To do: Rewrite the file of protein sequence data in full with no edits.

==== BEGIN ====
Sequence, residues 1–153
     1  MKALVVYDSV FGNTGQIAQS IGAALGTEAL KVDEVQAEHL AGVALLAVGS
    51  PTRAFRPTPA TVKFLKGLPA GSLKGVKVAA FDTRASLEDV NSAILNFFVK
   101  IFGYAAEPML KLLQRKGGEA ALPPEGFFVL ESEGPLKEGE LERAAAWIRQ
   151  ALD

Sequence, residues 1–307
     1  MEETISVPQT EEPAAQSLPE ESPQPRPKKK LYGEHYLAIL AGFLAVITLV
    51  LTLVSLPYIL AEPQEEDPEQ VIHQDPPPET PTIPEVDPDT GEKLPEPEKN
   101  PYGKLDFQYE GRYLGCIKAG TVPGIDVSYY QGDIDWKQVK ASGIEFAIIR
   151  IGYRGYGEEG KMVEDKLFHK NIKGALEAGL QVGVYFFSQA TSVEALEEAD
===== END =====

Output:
Sequence, residues 1–153
     1  MKALVVYDSV FGNTGQIAQS IGAALGTEAL KVDEVQAEHL AGVALLAVGS
    51  PTRAFRPTPA TVKFLKGLPA GSLKGVKVAA FDTRASLEDV NSAILNFFVK
   101  IFGYAAEPML KLLQRKGGEA ALPPEGFFVL ESEGPLKEGE LERAAAWIRQ
   151  ALD

Sequence, residues 1–307
     1  MEETISVPQT EEPAAQSLPE ESPQPRPKKK LYGEHYLAIL AGFLAVITLV
    51  LTLVSLPYIL AEPQEEDPEQ VIHQDPPPET PTIPEVDPDT GEKLPEPEKN
   101  PYGKLDFQYE GRYLGCIKAG TVPGIDVSYY QGDIDWKQVK ASGIEFAIIR
   151  IGYRGYGEEG KMVEDKLFHK NIKGALEAGL QVGVYFFSQA TSVEALEEAD